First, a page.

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The concept of property propounded by Blackstone and Jacob appears to reflect the framers' understanding of property rights. James Madison, who drafted the just compensation clause, stated that property

means that dominion which one man claims and exercises over the external things of the world, in exclusion of every other individual.' In its larger and juster meaning, it embraces every thing to which a man may attach a value and have a right; and which leaves to every one else the like advantage.


Madison's statement is significant for two reasons. First, by beginning with a quotation from Blackstone, it suggests that Madison shared Blackstone's understanding of the nature of property rights. Second, the statement indicates that Madison (as did Blackstone and Jacob) understood that the bundle of legally recognized property rights did not extend to the use of property in a manner that impinges on the rights of others; such a use would not "leave to every one else the like advantage.”

In sum, 18th century sources indicate that the framers viewed property not as “a right, singular” but as "a complex and subtle combination of many rights, powers, and duties”. 21 As understood in the 18th century, these rights and powers allowed an individual to use, enjoy, and dispose of his lands and possessions, in any manner that did not impose harm on other individuals. 22

B. The Meaning of "Taking"

Citing Blackstone's Commentaries, Jacob's New Law Dictionary defined an “unlawful taking” by stating that “whoever ... dispossesses me of [goods or chattels] is guilty of a transgression against the laws of society, which is a kind of secondary law of nature.” 23 Similarly, Samuel


Property, Nat. Gazette, Mar. 27, 1792, in 14 J. Madison, The Papers of James Madison

266 (R. Riland ed. 1977) (emphasis in the original). 21F. McDonald, Novus Ordo Seclorum 13 (1985). 22 While Blackstone indicated that property rights were subject to "the laws of the land,”

he stated that the taking of property by law must be accompanied by “full

indemnification.” W. Blackstone, supra, at 52. 23 G. Jacob, New Law Dictionary, supra. The New Law Dictionary defined two classes of

takings: "unlawful takings” and “felonious takings.” A “felonious taking” is a theft: it “must be done ... with an intent to steal.” Id.

Johnson's 18th century English dictionary defines "taking" as "seizure; distress”. 24 Accordingly, a “taking” of “goods and chattels” is a “dispossession" of those items. It logically follows that a “taking” of "property” is a "dispossession" of any of the "rights” of possession, use, and disposition that property embodies. 25 As the previously analyzed definitions of "property” indicate, such a "dispossession" or "seizure" may be read to mean a “diminution", "deprivation”, or “disturbance” of property rights. While takings could be accomplished through eminent domain in the 18th century, "the restrictions imposed by regulation could sometimes amount to taking”. 26

In sum, an examination of 18th century sources suggests what may have been meant by the term “taking” of “property”: property is taken whenever any of the legally-protected rights to use, possess, or dispose of one's acquisitions are diminished, deprived, or disturbed. 27 This definition does not suggest that every interference (no matter how slight) in an individual's use of his property always constitutes a taking. Government actions that only very indirectly and tangentially affect property rights may perhaps be too attenuated or insufficiently material to rise to the level of takings. Furthermore, as the previous discussion demonstrates, uses of property that impinge on the rights of third parties are not legally-protected property rights. Accordingly, government action that prevents an individual from using his property in a manner that injures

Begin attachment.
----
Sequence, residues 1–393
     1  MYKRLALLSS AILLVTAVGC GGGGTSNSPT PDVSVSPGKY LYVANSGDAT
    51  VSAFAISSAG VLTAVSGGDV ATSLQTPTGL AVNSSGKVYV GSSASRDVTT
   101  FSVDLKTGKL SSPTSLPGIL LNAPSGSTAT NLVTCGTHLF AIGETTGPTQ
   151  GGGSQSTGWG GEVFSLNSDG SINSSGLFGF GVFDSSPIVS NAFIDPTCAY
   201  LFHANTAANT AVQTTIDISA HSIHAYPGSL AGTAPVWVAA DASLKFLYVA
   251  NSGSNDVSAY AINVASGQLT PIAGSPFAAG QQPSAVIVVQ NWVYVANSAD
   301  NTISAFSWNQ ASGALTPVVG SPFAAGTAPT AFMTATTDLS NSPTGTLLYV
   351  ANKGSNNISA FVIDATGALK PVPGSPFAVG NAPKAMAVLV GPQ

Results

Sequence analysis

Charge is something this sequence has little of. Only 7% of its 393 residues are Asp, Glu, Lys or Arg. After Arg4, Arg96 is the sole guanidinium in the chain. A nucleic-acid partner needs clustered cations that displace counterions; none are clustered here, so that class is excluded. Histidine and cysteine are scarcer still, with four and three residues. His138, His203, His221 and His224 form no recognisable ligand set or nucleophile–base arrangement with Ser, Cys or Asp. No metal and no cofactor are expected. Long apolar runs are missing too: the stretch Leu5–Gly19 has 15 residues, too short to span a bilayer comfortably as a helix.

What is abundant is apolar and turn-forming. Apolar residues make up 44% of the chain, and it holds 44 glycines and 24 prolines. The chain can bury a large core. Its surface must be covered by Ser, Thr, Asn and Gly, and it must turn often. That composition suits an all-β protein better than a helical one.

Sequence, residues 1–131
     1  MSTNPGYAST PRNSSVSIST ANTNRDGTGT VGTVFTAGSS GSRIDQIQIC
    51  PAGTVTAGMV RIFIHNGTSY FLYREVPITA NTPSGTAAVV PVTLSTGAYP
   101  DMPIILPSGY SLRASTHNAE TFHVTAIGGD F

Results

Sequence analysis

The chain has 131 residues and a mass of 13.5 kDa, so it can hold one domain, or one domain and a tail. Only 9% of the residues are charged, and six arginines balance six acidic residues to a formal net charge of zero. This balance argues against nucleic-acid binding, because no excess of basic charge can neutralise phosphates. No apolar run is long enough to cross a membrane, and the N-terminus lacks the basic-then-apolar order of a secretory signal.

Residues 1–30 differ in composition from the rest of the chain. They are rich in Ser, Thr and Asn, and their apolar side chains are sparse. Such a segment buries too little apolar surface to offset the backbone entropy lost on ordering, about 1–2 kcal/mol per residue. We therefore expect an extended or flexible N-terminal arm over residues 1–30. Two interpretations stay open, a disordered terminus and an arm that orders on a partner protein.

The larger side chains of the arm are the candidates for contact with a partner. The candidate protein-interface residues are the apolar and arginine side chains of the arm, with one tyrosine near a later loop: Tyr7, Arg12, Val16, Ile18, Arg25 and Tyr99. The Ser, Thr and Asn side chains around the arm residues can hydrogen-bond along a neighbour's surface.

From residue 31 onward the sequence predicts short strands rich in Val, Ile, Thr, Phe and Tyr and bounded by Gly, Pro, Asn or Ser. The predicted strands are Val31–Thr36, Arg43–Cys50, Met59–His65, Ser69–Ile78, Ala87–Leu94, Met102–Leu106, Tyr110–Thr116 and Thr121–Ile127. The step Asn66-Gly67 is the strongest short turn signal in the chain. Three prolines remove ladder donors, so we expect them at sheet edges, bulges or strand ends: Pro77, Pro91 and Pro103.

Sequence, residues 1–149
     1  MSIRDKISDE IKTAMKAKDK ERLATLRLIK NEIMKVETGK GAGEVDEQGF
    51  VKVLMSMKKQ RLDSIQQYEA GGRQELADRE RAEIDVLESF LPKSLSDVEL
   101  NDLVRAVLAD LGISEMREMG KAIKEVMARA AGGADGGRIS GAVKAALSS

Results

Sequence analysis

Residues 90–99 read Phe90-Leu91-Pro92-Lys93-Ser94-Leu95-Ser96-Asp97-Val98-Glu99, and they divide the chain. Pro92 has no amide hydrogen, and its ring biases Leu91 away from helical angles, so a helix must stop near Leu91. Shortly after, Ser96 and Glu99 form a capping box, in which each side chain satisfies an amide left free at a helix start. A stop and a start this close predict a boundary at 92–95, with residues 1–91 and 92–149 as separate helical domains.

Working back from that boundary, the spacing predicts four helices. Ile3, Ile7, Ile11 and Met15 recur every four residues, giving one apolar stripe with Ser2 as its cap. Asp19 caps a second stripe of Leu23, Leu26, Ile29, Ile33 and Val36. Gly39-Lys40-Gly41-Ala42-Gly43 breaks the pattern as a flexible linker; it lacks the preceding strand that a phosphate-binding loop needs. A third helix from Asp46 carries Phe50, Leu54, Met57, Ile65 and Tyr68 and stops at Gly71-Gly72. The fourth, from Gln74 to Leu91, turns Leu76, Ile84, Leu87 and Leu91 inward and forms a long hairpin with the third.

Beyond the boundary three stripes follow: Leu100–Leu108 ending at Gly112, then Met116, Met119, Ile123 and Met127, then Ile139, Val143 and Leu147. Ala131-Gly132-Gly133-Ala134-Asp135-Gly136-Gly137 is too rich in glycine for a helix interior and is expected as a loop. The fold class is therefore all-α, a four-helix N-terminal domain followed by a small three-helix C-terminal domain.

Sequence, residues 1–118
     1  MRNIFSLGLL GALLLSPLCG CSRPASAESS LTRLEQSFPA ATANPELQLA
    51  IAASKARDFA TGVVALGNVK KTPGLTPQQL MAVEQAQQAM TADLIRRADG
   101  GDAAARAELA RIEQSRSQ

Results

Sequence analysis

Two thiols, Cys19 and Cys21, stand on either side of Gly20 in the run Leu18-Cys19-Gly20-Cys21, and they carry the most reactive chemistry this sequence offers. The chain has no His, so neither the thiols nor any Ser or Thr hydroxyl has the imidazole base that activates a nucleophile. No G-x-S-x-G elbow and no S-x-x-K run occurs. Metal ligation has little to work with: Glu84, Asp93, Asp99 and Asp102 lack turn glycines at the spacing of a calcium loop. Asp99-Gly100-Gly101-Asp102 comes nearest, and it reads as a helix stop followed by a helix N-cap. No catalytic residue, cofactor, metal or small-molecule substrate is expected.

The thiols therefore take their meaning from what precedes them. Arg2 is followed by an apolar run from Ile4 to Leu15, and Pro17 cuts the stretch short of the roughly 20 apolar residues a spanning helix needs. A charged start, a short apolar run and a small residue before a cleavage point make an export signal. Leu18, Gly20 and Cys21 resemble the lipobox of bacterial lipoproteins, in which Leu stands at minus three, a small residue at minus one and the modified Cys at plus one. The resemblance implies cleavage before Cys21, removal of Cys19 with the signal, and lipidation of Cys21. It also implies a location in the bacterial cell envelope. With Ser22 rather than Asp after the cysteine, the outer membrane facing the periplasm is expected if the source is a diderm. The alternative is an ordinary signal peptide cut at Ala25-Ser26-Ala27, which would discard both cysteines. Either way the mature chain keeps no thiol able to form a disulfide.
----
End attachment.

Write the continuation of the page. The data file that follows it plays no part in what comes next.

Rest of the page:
24 S. Johnson, A Dictionary of the English Language (2d ed. 1755). 25 Our conclusion that a “taking” of “property” is a dispossession of any of the rights of

property (not necessarily the "entire bundle” of property) follows from the fact that Blackstone referred to "free use, enjoyment, and disposal" as different elements of property, and from Madison's recognition that property "embraces every thing to

which a man may ... have a right". 26 F. McDonald, supra, at 20 (summarizing the impact of 18th century regulatory laws on

property rights). 27 Alternatively, it might be argued that the term "taking” refers to the willful

appropriation of property, on the ground that the synonym "seizure” (employed by Samuel Johnson) connotes willful, intentional conduct. According to this logic, the government would only be found to have “taken” property if it actually intended to do so; government actions that only incidentally (and unintentionally) diminished property values would not be takings. We have not, however, found any additional textual or historical evidence (apart from the possible reading that might be accorded the word "seizure") to support this alternative interpretation. Indeed, we believe that the terminology employed by Blackstone and Giles Jacob encompasses all interferences in property rights, intentional or not. Thus, we believe that the better interpretation does not limit the term “taking” to willful, intentional dispossessions of property.

others is not a “taking” of that individual's property. The prohibited use was not a "property right” of the individual.

C. The Treatment of Takings for a

“Non-Public Use"

The just compensation clause allows property to be taken for a “public use” when “just compensation” is paid. Before addressing the meaning of the terms “public use” and “just compensation," one should briefly address the status of those takings of property not covered by the clause: takings for a “non-public use.” While the words of the takings clause are silent on the question of whether the federal government28 may take property for a use that is “non-public”, the better legal view would appear to be that it may not. After all, the federal government, as a government of enumerated powers, can act only where the constitution authorizes it to act and we are aware of no provision that would authorize a taking for private use.